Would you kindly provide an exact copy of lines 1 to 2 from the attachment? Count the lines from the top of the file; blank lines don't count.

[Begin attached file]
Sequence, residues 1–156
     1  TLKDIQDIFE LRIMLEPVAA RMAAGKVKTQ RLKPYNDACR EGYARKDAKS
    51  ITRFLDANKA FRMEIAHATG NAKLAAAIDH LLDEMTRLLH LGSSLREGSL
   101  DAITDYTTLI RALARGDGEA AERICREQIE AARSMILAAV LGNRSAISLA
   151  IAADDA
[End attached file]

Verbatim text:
Sequence, residues 1–156
     1  TLKDIQDIFE LRIMLEPVAA RMAAGKVKTQ RLKPYNDACR EGYARKDAKS